Document Type

Theses, Ph.D


This item is available under a Creative Commons License for non-commercial use only



Publication Details

Successfully submitted for the award of Doctor of Philosophy (Ph.D) to the Dublin Institute of Technology, October, 2011.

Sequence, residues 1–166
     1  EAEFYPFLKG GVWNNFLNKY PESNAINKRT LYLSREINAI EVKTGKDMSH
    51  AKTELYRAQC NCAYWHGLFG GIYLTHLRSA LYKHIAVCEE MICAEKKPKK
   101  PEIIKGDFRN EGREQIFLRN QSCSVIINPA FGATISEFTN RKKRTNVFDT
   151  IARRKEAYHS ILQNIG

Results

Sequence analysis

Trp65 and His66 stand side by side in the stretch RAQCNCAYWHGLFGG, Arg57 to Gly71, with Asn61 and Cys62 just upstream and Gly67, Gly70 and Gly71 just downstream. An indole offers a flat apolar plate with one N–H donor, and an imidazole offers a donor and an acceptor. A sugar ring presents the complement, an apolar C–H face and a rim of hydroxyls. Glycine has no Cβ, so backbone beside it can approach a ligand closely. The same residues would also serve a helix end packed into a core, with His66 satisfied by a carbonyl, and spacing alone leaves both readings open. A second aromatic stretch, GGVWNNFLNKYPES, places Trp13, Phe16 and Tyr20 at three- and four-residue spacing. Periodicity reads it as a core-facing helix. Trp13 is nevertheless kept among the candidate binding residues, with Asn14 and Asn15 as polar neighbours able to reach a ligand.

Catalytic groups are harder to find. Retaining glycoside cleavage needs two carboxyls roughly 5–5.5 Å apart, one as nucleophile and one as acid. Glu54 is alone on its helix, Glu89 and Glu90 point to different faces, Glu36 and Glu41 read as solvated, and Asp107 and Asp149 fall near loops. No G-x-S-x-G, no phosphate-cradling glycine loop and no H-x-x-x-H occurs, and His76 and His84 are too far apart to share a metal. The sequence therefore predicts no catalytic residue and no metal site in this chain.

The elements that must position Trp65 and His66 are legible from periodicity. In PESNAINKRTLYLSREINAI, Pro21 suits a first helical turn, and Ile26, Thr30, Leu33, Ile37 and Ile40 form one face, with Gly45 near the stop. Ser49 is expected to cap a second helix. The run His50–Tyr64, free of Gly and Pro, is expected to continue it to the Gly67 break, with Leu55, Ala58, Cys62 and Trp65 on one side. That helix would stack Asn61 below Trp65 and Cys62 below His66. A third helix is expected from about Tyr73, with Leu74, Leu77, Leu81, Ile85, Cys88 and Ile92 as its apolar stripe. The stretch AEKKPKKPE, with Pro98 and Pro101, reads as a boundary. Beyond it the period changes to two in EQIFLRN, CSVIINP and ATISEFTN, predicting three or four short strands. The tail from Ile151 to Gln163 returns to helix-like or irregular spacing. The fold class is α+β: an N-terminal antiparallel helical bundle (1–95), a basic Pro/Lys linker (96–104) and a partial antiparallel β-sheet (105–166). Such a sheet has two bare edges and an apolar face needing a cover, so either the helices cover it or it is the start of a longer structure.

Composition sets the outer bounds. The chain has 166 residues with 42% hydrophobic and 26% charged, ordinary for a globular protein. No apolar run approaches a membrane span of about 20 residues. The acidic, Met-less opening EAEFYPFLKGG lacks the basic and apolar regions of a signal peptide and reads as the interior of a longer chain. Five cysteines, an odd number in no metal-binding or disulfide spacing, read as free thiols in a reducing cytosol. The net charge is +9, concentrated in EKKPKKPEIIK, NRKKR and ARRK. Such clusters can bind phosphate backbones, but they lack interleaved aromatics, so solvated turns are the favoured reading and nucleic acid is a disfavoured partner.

Text classification approaches are used extensively to solve real-world challenges. The success or failure of text classification systems hangs on the datasets used to train them, without a good dataset it is impossible to build a quality system. This thesis examines the applicability of active learning in text classification for the rapid and economical creation of labelled training data. Four main contributions are made in this thesis. First, we present two novel selection strategies to choose the most informative examples for manually labelling. One is an approach using an advanced aggregated confidence measurement instead of the direct output of classifiers to measure the confidence of the prediction and choose the examples with least confidence for querying. The other is a simple but effective exploration guided active learning selection strategy which uses only the notions of density and diversity, based on similarity, in its selection strategy. Second, we propose new methods of using deterministic clustering algorithms to help bootstrap the active learning process. We first illustrate the problems of using non-deterministic clustering for selecting initial training sets, showing how non-deterministic clustering methods can result in inconsistent behaviour in the active learning process. We then compare various deterministic clustering techniques and commonly used non-deterministic ones, and show that deterministic clustering algorithms are as good as non-deterministic clustering algorithms at selecting initial training examples for the active learning process. More importantly, we show that the use of deterministic approaches stabilises the active learning process. Our third direction is in the area of visualising the active learning process. We demonstrate the use of an existing visualisation technique in understanding active learning selection strategies to show that a better understanding of selection strategies can be achieved with the help of visualisation techniques. Finally, to evaluate the practicality and usefulness of active learning as a general dataset labelling methodology, it is desirable that actively labelled dataset can be reused more widely instead of being only limited to some particular classifier. We compare the reusability of popular active learning methods for text classification and identify the best classifiers to use in active learning for text classification. This thesis is concerned using active learning methods to label large unlabelled textual datasets. Our domain of interest is text classification, but most of the methods proposed are quite general and so are applicable to other domains having large collections of data with high dimensionality.